Hungary is steeling itself to become the first country in the world to tax people for internet usage, Reuters has reported.
In a draft tax bill submitted to parliament yesterday, provisions were outlined for internet providers to pay a hefty 150 forints (37 pence) per gigabyte of data traffic in tax. It would, however, allow companies to offset corporate income tax against the new charge.
Mihály Varga, the economy minister who revealed the proposal, reasoned that it is a logical extension of the government’s levies on text messaging and phone calls, which were introduced in 2011.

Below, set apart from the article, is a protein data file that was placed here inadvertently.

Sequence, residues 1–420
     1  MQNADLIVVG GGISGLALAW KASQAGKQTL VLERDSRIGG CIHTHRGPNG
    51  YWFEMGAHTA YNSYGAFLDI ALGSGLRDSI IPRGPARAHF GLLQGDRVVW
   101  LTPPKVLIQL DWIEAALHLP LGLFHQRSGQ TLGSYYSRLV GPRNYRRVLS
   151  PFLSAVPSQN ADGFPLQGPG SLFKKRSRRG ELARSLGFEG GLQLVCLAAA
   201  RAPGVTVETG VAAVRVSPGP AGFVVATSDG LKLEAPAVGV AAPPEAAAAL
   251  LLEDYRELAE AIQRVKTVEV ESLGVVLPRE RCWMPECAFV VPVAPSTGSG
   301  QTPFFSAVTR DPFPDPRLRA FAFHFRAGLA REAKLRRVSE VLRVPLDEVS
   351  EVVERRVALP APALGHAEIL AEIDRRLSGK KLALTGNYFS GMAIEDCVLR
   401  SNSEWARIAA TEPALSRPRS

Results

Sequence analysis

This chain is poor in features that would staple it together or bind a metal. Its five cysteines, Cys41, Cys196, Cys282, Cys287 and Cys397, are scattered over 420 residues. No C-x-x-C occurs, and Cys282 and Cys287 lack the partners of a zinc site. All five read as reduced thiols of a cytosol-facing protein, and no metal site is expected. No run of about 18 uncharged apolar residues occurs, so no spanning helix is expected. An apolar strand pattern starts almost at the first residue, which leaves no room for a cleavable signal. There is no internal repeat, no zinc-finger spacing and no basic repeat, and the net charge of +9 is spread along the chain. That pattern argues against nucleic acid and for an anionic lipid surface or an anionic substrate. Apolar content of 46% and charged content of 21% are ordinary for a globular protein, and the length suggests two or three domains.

As you might expect there was a public outcry, and within hours of the submission being published, upwards of 100,000 people had joined a Facebook group protesting the tax and promising to rally against. They argue that it is excessive, and (quite justifiably) fear that responsibility for paying it could be passed on to customers, allowing internet service providers to dodge the bill.
So, will the proposal spread to other countries? That remains to be seen, but the unpopularity of such a tax – and the widespread discontent with other controversial taxes (ahem, bedroom tax) – will hopefully keep British politicians from looking into it!
Main image: Frank Schmidt at Flickrcc